- Bond funds. Most advisors recommend holding some bonds, and you can do that with a bond fund.
- Sector & speciality funds. These funds invest in certain sectors of the economy, like the tech industry, hospitality, or agriculture. This allows you a little more control over what you invest in if you think a particular industry is on the up-and-up, for example.
- Target-date funds. Advisors recommend you change how much you have invested in stocks versus bonds as you get closer to retirement. Target-date funds do this automatically for you, so all you have to do is choose your retirement year.
- ESG funds. These funds invest in companies that have a strong Environmental, Social and Corporate Governance (ESG) component. These are companies that benefit society, or at least don’t actively harm it. So if you don’t want to invest in the firearms or the fossil fuel industry, for example, these funds might be your ticket.
Pros and Cons of Index Funds
Index funds aren’t perfect, and you give some things up when choosing to invest in them. You’ll need to know the pros and cons of index funds to decide if they’re right for you.
There are a handful of advantages that index funds afford investors. Here are the perks of index funds.
Most investments only charge a small fraction of your portfolio amount as payment. It doesn’t seem like much, until you do the math and see these fees can eat up around 40% of your entire returns over time, in some cases.
In contrast, index funds are just about the cheapest investment out there since they run on autopilot. By choosing them, you could have tens of thousands (or hundreds of thousands) of dollars more over time.
Smaller Tax Bills
In addition to costing less, investing in index funds also means you’ll have to pay less in taxes, too. That’s because actively-managed funds buy and sell stocks a lot, and each time they do, you might owe taxes. Index funds don’t do that as much which lowers your tax exposure.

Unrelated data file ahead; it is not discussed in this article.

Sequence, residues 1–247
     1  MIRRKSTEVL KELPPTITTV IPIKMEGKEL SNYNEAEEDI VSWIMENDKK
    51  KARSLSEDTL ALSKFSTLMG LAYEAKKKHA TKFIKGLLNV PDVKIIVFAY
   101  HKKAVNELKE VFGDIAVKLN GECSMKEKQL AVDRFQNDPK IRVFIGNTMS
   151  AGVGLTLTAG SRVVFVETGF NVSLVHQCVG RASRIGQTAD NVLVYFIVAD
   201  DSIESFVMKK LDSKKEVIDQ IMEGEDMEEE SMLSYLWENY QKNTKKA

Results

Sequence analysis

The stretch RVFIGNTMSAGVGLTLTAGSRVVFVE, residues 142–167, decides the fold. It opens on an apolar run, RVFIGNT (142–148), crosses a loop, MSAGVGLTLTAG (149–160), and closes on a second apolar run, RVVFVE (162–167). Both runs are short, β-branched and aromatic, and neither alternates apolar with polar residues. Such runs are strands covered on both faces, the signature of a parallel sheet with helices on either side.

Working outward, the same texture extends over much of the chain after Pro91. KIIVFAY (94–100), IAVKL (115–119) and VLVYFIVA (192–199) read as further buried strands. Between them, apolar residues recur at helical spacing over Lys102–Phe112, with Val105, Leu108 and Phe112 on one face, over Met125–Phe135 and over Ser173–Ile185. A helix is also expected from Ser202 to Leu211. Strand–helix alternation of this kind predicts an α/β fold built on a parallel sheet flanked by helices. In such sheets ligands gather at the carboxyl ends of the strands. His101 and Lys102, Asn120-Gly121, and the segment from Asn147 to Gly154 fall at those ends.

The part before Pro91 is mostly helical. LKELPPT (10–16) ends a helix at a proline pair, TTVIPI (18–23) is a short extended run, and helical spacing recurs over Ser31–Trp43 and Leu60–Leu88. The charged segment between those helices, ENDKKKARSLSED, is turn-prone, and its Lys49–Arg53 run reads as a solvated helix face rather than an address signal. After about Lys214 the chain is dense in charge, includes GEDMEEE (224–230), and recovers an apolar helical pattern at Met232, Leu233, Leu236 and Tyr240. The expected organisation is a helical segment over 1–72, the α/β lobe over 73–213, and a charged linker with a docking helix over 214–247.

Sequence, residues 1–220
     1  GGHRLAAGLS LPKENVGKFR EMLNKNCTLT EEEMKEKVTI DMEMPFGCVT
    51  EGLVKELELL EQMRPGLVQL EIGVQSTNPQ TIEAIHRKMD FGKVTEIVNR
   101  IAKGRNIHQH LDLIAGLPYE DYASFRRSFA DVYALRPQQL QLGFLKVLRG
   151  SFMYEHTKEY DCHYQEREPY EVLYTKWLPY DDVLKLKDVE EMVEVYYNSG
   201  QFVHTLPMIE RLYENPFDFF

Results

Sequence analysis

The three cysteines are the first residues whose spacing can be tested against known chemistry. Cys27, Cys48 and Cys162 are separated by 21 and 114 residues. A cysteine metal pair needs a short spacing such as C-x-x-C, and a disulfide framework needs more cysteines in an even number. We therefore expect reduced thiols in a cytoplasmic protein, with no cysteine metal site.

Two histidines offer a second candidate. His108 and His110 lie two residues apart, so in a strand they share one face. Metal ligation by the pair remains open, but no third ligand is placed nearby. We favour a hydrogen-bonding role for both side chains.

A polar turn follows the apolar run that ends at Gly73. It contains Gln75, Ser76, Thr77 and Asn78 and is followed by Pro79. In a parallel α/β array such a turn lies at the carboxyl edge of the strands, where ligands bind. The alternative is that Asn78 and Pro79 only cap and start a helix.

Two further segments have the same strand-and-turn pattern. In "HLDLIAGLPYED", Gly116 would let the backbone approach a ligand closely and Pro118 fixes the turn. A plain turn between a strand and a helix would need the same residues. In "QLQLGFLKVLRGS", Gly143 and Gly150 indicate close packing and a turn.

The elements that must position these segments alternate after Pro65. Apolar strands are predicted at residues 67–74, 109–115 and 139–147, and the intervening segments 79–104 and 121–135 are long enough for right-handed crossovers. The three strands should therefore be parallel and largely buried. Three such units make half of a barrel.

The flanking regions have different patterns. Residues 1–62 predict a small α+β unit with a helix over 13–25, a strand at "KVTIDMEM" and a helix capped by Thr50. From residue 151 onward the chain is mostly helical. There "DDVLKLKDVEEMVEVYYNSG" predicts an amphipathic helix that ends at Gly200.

Easy, Passive Way to Build Wealth
You don’t need to know the ins and outs of investing. Even your grandma could probably figure this out if she spent enough time at it. And once you do get this basic investing concept, there’s basically no more work to run it: just put money in the fund until you retire (or otherwise need it), and then take it out. Simple. No hassle.
Good Way to Diversify Your Portfolio
It’s important to diversify so you don’t put all your eggs in one basket. The last thing you want to do, for example, is dump every last penny you have into Tesla stock. Index funds offer an easy way to get that diversification, without actually having to do the work to personally vet each company.
Index funds tend to ride the waves of the market up and down like a pool toy. This means you can lose money if the market goes down. But you’re not doing anything super-risky, like stock options or short selling.
Although there are benefits to index funds, there are also downsides.
Not As Sexy
Getting rich by investing in Bitcoin or GameStop stock is hot right now — Paris Hilton hot, in fact. But index fund investing is the slow, turtle approach. It’s about as sexy as your grandpa — and we’re talking about now, not when he was young. No one’ll be lauding your investing genius (even if they should be) while you sit back and quietly earn a pile of money over time.
Not as Much Potential for High Returns
If you truly know what you’re doing, you have a lot of discipline, and you have a lot of time to do your research, you might earn better returns with more active investing strategies. But that’s a big if.